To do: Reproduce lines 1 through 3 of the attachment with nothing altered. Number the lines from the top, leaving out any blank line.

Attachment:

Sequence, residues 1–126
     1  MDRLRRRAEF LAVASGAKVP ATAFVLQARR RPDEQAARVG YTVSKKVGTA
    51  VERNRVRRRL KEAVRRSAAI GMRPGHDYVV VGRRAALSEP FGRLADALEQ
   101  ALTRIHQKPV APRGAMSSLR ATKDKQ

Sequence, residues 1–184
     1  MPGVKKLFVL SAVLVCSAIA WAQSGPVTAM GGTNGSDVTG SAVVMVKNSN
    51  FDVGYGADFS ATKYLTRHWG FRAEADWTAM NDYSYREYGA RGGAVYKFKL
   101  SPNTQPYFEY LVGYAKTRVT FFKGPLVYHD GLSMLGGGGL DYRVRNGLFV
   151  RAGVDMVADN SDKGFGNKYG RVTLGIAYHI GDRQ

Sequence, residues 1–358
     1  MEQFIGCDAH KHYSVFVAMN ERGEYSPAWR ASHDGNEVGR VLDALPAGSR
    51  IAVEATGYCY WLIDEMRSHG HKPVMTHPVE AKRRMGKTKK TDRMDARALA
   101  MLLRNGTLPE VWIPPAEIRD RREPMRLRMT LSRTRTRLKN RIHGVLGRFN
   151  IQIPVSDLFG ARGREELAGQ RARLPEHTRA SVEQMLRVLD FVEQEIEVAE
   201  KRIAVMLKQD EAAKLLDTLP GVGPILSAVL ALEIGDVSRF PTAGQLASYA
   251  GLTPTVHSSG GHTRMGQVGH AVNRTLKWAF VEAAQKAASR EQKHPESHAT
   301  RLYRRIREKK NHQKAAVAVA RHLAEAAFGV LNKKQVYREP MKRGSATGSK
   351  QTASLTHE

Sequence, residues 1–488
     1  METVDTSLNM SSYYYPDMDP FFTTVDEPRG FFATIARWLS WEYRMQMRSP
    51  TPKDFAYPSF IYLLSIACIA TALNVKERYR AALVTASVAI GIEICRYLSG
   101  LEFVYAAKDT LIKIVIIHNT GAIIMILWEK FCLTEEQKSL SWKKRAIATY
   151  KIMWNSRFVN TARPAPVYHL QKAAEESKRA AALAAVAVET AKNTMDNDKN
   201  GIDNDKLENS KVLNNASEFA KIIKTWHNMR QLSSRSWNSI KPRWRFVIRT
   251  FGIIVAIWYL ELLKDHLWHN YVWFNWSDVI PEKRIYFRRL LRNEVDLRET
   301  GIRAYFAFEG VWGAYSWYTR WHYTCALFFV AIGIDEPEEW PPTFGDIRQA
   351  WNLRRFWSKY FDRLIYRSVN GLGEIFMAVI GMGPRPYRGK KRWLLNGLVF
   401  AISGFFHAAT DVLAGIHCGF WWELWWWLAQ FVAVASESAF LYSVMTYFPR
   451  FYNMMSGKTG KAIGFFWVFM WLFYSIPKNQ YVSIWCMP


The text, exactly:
Sequence, residues 1–126
     1  MDRLRRRAEF LAVASGAKVP ATAFVLQARR RPDEQAARVG YTVSKKVGTA
    51  VERNRVRRRL KEAVRRSAAI GMRPGHDYVV VGRRAALSEP FGRLADALEQ